Keywords: Hydrogel; Controlled drug release; Copolymer; Poly(acrylic acid); Poly(ethylene glycol)
Surface immobilization of active vascular endothelial growth factor via a cysteine-containing tag
by Marina V. Backer; Vimal Patel; Brian T. Jehning; Kevin P. Claffey; Joseph M. Backer (pp. 5452-5458).
Developing tissue engineering scaffolds with immobilized growth factors requires facile and reliable methods for the covalent attachment of functionally active proteins. We describe here a new approach to immobilize recombinant proteins based on expression of the protein of interest with a 15-aa long fusion tag (Cys-tag), which avails a free sulfhydryl group for site-specific conjugation. To validate this approach, we conjugated a single-chain vascular endothelial growth factor expressed with an N-terminal Cys-tag (scVEGF) to fibronectin (FN) using a common thiol-directed bi-functional cross-linking agent. We found that the FN-scVEGF conjugate retains VEGF activity similar to that of free scVEGF when used as a soluble ligand. Cells expressing VEGF receptor VEGFR-2 grown on plates coated with FN-scVEGF displayed morphological phenotypes similar to those observed for cells grown on FN in the presence of equivalent amounts of free scVEGF. In addition, 293/KDR cell growth stimulation was observed in the same concentration range with either immobilized or free scVEGF. The effects of immobilized scVEGF, and soluble scVEGF were blocked by NVP-AAD777-NX, a VEGF receptor tyrosine kinase inhibitor. These data indicate that site-specific immobilization via Cys-tag provides a facile and reliable method for permanent deposition of functionally active growth factors on synthetic or protein scaffolds with applications for advanced tissue engineering.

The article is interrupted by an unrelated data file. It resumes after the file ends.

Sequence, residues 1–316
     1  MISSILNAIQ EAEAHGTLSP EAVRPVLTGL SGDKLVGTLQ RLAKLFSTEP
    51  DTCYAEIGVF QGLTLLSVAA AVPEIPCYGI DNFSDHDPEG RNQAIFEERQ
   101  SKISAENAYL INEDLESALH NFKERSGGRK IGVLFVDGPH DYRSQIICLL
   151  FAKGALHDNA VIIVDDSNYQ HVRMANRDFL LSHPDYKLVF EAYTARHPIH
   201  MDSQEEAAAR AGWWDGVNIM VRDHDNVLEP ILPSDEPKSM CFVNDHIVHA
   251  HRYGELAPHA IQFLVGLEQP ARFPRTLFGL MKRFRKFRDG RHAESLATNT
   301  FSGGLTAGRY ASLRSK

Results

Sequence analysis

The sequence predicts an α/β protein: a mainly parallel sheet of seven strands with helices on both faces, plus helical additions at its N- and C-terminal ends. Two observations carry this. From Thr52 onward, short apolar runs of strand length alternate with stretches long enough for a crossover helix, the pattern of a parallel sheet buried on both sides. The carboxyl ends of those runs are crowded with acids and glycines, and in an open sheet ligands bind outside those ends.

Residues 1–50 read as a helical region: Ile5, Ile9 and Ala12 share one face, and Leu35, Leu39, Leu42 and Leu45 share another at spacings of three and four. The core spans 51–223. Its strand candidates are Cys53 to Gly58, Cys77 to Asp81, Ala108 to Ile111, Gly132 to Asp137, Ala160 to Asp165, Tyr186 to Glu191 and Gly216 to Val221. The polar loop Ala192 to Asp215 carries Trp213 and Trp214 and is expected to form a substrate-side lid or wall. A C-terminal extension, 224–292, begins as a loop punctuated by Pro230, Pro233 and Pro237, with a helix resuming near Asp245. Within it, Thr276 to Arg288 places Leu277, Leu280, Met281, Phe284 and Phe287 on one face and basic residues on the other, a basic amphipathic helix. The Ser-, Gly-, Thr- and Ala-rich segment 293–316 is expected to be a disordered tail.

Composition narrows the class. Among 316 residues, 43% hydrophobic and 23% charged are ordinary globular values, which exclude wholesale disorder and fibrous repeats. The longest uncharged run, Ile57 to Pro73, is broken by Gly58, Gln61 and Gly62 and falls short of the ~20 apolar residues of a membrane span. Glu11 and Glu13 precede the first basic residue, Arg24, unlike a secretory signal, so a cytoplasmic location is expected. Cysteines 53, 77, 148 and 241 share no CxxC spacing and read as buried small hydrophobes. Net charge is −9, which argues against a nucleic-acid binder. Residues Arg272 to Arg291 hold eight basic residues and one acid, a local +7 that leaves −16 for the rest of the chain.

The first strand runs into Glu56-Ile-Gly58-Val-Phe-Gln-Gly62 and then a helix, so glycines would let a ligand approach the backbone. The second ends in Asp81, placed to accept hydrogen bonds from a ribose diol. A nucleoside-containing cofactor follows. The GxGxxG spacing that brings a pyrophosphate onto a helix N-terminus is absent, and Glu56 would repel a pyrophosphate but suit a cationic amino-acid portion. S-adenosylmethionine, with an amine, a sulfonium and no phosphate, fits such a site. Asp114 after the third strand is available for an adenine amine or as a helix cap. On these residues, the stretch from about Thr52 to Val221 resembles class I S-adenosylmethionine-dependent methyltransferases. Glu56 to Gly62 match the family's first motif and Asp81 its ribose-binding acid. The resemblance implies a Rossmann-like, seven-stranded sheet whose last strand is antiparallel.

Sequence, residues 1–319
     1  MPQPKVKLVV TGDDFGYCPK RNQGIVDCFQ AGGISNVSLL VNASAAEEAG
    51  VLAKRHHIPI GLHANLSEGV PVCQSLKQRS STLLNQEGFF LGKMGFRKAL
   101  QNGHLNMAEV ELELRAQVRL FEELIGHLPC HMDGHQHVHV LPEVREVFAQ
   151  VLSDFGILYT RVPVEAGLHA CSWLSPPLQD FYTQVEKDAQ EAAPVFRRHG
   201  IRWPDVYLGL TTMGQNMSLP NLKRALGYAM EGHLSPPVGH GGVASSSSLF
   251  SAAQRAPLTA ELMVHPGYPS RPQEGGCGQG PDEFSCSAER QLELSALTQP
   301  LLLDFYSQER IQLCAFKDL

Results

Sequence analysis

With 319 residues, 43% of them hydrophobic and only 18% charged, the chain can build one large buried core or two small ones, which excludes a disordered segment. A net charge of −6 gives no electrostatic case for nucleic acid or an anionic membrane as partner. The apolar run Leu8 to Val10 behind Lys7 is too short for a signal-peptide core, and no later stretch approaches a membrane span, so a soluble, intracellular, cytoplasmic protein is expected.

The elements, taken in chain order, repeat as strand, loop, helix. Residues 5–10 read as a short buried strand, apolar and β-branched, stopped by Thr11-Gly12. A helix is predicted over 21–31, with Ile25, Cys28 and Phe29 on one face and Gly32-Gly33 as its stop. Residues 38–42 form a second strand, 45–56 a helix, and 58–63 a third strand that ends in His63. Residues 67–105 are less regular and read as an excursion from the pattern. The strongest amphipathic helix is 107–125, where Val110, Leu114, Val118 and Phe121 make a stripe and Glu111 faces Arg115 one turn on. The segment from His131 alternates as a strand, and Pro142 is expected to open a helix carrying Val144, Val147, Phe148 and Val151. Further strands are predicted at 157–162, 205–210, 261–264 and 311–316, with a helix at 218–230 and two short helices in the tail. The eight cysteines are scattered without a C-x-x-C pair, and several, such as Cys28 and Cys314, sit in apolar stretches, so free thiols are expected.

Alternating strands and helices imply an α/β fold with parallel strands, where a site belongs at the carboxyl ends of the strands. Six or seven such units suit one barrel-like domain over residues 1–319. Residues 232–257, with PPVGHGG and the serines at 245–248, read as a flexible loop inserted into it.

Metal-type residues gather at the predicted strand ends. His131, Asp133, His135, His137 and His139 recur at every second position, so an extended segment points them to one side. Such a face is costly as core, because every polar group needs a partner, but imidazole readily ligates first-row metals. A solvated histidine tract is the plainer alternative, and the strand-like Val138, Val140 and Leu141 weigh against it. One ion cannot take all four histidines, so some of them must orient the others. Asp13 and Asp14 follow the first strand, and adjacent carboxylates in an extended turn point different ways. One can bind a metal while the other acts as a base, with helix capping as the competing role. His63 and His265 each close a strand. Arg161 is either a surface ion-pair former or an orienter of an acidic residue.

Keywords: Site-specific conjugation; Immobilization; Growth factors; VEGF; Tissue engineering
Integrin specificity and enhanced cellular activities associated with surfaces presenting a recombinant fibronectin fragment compared to RGD supports
by Timothy A. Petrie; Jeffrey R. Capadona; Catherine D. Reyes; A.J. Garcia Andrés J. García (pp. 5459-5470).
Biomimetic strategies focusing on presenting short bioadhesive oligopeptides, including the arginine–glycine–aspartic acid (RGD) motif present in numerous adhesive proteins, on a non-fouling support have emerged as promising approaches to improve cellular activities and healing responses. Nevertheless, these bio-inspired strategies are limited by low activity of the oligopeptides compared to the native ligand due to the absence of complementary or modulatory domains. In the present analysis, we generated well-defined biointerfaces presenting RGD-based ligands of increasing complexity to directly compare their biological activities in terms of cell adhesion strength, integrin binding and signaling. Mixed self-assembled monolayers of alkanethiols on gold were optimized to engineer robust supports that present anchoring groups for ligand tethering within a non-fouling, protein adsorption-resistant background. Controlled bioadhesive interfaces were generated by tethering adhesive ligands via standard peptide chemistry. On a molar basis, biointerfaces functionalized with the FNIII7–10 recombinant fragment presenting the RGD and PHSRN adhesive motifs in the correct structural context exhibited significantly higher adhesion strength, FAK activation, and cell proliferation rate than supports presenting RGD ligand or RGD–PHSRN, an oligopeptide presenting these two sites separated by a polyglycine linker. Moreover, FNIII7–10-functionalized surfaces displayed specificity for α5 β1 integrin, while cell adhesion to supports presenting RGD or RGD–PHSRN was primarily mediated by αv β3 integrin. These results are significant to the rational engineering of bioactive materials that convey integrin binding specificity for directed cellular and tissue responses in biomedical and biotechnological applications.
Keywords: Biomimetic; Integrins; Cell adhesion; Focal adhesion; FAK; Self-assembled monolayers